House Speaker Thom Tillis is thankful for his traveling companions, the State Capitol Police, who keep him company as he goes from town hall to town hall.
Rep. Joe Hackney, Orange County Democrat and House minority leader, is thankful for good acoustics in the House chamber, allowing him to be heard from the back of the room.
State historians are thankful for Sen. Neal Hunt, who spearheaded a pardon for the impeached former Gov. William Holden. How many other governors dead for more than a century were at the center of public debate and intrigue this year?
Legislators are thankful for campaign donors, who provide money not only for campaign ads and staff, but new suits, apartment rent and home appliances.
June Atkinson, state Superintendent of Public Instruction, is thankful for the new math wherein 3 - 1 = 3. Legislators told Atkinson's department, the state Department of Public Instruction, to close one of three residential schools for blind and deaf students. Her plan to "close" the Governor Morehead School in Raleigh would let it keep its students and its name.
Gov. Bev Perdue is thankful for the state troopers who pushed her stuck SUV out of a ditch during her tour of Hurricane Irene damage.
Perdue is thankful also for video cameras and audio recorders so she can remember all the great ideas she suggests when talking in public, such as suspending congressional elections.
Perdue is thankful for former U.S. Sen. John Edwards because he hogs most of the limelight surrounding questionable campaign finances.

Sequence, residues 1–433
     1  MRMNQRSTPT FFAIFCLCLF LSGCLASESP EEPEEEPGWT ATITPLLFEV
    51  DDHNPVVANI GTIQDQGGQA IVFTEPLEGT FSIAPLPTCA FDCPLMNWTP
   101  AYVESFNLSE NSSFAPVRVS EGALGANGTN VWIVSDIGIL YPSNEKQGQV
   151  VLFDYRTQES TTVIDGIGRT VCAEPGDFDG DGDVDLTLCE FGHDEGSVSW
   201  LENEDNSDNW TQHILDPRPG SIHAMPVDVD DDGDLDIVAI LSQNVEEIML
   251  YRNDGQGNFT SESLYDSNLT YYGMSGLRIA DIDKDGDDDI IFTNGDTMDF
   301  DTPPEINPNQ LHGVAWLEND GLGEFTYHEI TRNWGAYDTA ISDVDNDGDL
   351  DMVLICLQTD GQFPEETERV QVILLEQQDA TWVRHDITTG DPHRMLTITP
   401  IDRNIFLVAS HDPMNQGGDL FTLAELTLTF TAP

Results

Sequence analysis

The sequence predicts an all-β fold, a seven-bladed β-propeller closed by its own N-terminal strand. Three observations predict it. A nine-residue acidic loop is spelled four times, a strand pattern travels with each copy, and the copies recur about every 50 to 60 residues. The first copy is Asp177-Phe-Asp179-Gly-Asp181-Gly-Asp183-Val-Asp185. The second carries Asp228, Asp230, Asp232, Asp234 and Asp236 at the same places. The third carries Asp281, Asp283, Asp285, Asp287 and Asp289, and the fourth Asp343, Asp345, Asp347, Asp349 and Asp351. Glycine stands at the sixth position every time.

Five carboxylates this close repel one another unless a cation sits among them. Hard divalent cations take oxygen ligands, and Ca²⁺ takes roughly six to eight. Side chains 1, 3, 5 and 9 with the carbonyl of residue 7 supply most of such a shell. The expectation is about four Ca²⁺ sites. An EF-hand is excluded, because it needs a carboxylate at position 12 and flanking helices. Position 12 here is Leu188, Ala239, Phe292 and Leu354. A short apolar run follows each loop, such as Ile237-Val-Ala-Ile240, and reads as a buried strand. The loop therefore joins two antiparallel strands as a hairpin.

Likely GOP gubernatorial candidate Pat McCrory is thankful for his dog, whatever its name is.
The capital press corps is thankful for live mics in legislative committee rooms, especially when Republicans are talking strategy.
Bunk bed makers might be thankful for Republican lawmakers who have promoted their product by double-bunking Democratic lawmakers in the redistricting process.
Republican lawmakers are thankful for high-powered computer software that can slice and dice voters and precincts, except when the computer-drawn maps leave out some voters.
Rep. Bill Faison is thankful for every microphone he finds as he travels the state and talks about a plan to raise taxes that is destined to fail in the legislature.
GOP presidential hopeful Mitt Romney is thankful for rival Rick Perry's dislike of North Carolina barbecue because it's surely worth a 10-point advantage in this state.
Sen. Don East is thankful for the good-humored state Highway Patrol, which didn't blink at Sen. Stan Bingham's jolly account of a 145 mph joy ride with East at the wheel.
Democratic lawmakers are thankful to have a break from their new role as powerless underdogs for the first time in 140 years - at least until it starts again next week.
The American Legislative Exchange Council - criticized as a secretive incubator for laws promoting corporate interests - is thankful for North Carolina's Republican state lawmakers. Nearly three dozen of them attended the group's conference in New Orleans this past summer.
Attorneys specializing in medical malpractice, redistricting, abortion rights, environmental regulations, same-sex marriage and voting rights give thanks for the Omnibus Full Employment for Lawyers Act - the name we just made up for the lawsuit-inducing agenda that legislators passed this year.
Staff writers Lynn Bonner, John Frank and Craig Jarvis